Embedding Data in Decision-Making in Henderson
2021 Certification Level: Silver
By Ambreen Ali
“We’re making better decisions because we start with the data,” said Laura Shearin, Manager of Henderson’s Office of Performance and Innovation.
It’s been a decade since Henderson, Nevada, a city of over 330,000 situated southeast of Las Vegas, first launched its Office of Performance and Innovation and began its journey of embedding data-driven decision-making across the City’s work. The pandemic made the need for using data better both immediate and urgent: in March of 2020 the Nevada Governor’s mandate shut down non-essential businesses, resulting in the Las Vegas Valley having the highest unemployment rate in the nation.
One way that Henderson’s data-driven approach helped its residents during that crisis was by modifying payment requirements so that customers could continue to have access to important services. Because every City of Henderson department regularly monitors their data to identify challenges and opportunities, the City’s Department of Utility Services took notice when a statistically high number of residents began to fall behind on payments (12% of water and sewer customers were past due on their bills).
Because of the emergency, and the recognition that people needed water even if they could not afford to pay the bill, Henderson decided to suspend water shutoffs and late fees. The team continued to monitor payments closely during that time and, when residents began to demonstrate an ability to pay their water bills again, they were eased off the program.
“We had to balance the needs of the organization with the needs of the community,” says Priscilla Howell, Director of the Department of Utility Services at the City of Henderson. “We continued to monitor the data to provide insights that helped us decide when it was time to start easing residents off the program.”
The main reason why Henderson can react so quickly in an emergency is the work City officials have done to build a robust system for sharing and acting on data. By implementing software that allows all departments to enter their data into a single platform, the City has created data visibility. Henderson’s focus on data emerged long before the pandemic.
Since she first entered office, Mayor Debra March has set the tone that governing with data and evidence is an organizational expectation, regularly disbursing mini plaques to staff that are engraved with the message “Without facts and data you’re just another person with an opinion.” Each of the City’s 17 departments has a dedicated data analyst, allowing senior leaders to conduct data analysis and report out at the City’s monthly performance and operations review meetings to inform the decision-making process. In addition, the City has developed a tiered method of data collection and reporting that holds every department accountable for performance and data. This ensures that the right information, key data, and valuable insights are made available to the relevant teams at each level of decision-making.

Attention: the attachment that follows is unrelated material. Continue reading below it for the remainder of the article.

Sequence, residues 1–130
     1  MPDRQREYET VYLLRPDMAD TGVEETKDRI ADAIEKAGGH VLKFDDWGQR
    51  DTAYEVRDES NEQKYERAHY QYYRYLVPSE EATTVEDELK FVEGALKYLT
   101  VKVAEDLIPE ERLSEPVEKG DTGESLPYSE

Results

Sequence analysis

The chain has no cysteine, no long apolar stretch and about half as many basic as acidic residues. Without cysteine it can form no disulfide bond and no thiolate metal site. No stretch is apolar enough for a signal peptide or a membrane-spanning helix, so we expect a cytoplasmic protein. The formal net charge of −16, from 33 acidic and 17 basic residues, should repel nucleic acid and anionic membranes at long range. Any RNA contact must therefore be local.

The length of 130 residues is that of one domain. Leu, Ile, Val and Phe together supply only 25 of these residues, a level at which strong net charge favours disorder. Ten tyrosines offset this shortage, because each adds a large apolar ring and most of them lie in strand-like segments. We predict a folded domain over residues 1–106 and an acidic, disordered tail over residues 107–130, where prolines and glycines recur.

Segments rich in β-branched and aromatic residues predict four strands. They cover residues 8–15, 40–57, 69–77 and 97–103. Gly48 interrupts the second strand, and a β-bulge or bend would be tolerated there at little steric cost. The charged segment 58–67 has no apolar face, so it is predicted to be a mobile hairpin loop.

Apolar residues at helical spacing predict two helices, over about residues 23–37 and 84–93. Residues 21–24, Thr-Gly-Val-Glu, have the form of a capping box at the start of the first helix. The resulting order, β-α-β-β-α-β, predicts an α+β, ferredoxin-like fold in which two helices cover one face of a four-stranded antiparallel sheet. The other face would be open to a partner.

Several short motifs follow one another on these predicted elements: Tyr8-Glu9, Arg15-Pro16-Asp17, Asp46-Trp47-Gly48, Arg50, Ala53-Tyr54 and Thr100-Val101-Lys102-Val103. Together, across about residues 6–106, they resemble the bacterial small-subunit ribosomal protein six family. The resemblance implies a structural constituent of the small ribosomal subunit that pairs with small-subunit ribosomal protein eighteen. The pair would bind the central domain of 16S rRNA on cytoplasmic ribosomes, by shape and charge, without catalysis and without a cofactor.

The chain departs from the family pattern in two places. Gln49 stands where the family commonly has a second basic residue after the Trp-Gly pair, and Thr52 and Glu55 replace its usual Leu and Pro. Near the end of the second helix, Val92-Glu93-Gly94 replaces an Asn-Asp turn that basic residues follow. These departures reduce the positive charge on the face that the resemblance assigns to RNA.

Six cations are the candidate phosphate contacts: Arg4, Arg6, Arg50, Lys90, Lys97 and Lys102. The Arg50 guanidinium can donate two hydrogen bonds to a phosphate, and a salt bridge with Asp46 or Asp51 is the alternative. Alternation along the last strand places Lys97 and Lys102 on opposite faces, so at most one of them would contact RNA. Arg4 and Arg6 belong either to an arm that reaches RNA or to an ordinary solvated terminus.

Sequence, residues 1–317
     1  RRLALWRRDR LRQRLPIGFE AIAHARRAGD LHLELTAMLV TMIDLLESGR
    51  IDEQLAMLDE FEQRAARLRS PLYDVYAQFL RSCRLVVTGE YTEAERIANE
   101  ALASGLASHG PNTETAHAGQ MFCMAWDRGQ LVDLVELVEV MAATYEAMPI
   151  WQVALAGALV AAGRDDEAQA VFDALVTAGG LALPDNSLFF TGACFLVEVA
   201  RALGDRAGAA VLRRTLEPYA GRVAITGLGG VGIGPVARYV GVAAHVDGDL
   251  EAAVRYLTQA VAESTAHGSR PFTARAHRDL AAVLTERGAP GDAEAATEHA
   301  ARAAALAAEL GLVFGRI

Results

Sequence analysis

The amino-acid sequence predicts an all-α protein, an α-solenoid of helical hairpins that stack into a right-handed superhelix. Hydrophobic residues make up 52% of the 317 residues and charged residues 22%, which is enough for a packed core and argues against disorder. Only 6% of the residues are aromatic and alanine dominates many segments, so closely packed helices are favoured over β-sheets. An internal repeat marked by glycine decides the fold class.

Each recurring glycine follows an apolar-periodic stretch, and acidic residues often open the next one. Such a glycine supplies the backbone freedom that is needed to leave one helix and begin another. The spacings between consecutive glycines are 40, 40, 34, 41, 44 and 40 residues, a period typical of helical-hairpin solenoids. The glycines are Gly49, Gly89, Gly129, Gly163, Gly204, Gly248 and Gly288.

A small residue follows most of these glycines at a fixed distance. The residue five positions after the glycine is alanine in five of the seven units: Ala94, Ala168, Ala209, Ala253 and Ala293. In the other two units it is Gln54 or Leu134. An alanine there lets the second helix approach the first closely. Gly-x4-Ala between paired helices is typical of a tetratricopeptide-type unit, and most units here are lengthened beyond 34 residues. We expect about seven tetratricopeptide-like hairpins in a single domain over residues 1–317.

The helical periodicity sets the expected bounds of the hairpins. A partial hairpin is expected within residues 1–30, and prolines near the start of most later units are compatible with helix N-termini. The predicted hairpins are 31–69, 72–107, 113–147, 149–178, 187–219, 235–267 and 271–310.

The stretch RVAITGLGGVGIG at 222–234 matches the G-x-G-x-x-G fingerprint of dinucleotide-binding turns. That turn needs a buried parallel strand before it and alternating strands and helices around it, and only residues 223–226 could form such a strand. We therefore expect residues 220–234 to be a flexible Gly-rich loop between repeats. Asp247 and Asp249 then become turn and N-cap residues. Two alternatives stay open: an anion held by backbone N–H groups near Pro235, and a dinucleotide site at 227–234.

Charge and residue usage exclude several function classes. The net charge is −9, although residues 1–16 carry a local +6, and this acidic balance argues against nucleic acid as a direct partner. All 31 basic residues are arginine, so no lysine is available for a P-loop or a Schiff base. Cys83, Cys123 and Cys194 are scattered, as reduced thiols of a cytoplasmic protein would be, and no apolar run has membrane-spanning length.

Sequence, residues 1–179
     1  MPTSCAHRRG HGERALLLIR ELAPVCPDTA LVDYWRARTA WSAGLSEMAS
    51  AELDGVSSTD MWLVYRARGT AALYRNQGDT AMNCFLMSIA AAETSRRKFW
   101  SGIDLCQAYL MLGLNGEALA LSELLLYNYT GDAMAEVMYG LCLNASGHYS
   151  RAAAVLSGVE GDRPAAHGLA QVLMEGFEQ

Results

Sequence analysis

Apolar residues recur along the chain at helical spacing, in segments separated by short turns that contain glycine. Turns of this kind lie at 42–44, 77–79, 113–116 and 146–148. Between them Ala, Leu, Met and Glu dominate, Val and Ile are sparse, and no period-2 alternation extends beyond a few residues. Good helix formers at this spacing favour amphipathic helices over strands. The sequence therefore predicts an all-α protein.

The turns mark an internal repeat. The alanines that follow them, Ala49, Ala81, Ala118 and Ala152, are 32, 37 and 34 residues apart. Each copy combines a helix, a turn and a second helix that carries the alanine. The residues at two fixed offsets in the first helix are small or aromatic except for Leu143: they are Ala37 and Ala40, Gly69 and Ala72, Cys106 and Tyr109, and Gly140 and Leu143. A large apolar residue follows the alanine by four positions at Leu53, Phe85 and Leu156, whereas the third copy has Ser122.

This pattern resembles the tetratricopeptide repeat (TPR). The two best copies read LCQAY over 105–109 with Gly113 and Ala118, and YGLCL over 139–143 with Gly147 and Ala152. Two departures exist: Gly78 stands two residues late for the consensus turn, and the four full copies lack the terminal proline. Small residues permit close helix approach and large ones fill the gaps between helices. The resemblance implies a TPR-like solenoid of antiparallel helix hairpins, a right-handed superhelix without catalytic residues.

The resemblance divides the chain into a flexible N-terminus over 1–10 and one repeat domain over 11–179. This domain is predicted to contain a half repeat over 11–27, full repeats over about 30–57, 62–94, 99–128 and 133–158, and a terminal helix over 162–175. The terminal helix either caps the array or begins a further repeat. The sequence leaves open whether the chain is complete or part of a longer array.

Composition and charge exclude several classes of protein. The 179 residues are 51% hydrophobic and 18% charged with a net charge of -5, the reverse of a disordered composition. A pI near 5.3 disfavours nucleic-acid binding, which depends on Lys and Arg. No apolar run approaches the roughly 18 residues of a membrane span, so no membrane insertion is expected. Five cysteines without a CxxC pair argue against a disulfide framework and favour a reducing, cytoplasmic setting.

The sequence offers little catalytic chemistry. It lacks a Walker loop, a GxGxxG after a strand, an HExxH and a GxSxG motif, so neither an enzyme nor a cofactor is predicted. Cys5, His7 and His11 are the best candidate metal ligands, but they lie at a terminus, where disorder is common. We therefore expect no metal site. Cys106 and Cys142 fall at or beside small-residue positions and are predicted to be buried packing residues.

The City’s approach to data is guided by evaluation but also highly entrepreneurial: when the City’s Community Development Department couldn’t get access to county-level data on social services to help inform support for the unhoused during COVID, they worked in concert with local entities to conduct counts and generate their own datasets to determine how to best meet the needs of that community. The City also shifted to a “COVID Dashboard” with specific metrics that would provide the information needed to quickly identify priorities and areas of need.
For residents, Henderson’s data-driven focus produces results through its services. The City uses call volume and population data to determine where to open new fire stations. It also monitors a variety of metrics such as the cardiac survivability rate, and uses benchmarks and “stretch targets” to improve performance. Henderson’s cardiac survivability rate has been outperforming the national American Heart Association (AHA) benchmark — just one example of how data is making a tangible difference in people’s lives.
Although the City’s most recent biennial survey of its residents and businesses finds that 97% of residents are satisfied with the quality of life (the highest in the nation for mid-to-large sized cities that participated in the survey), city officials are looking for ways to push its services and operations to the next level and reach 98%. “Our vision is ‘To Be America’s Premier Community’,” City Manager and CEO Richard Derrick says. “Being data-driven is tied to one of our core values: High Performing Public Service. We hold ourselves up to national standards like What Works Cities and the Baldrige Criteria, which include best practices for how you manage and use data.”
Despite its sophisticated data-driven operations, Henderson is constantly evaluating its performance and looking for new ways to improve. Applying for What Works Cities Certification helped identify places where the City can improve and achieve even more, Polly Walker, Henderson’s business process consultant, said. “The City of Henderson is very proud and excited to be What Works Cities-Certified, but we’re not stopping there,” she said. “We are looking at the feedback we received from What Works Cities to determine areas where we can get better, because that’s what being Premier is all about: continually improving the services we provide the community.”
Ambreen Ali is a freelance writer and editor based in New Jersey. She writes about technology and immigration, among other topics, and her work has been published in The Washington Post, Bloomberg, AFP, The Wire and Seattle Magazine.
Henderson is one of 55 cities to achieve 2021 What Works Cities Certification, the national standard of excellence for well-managed, data-driven local government. Read stories from other Certified cities here.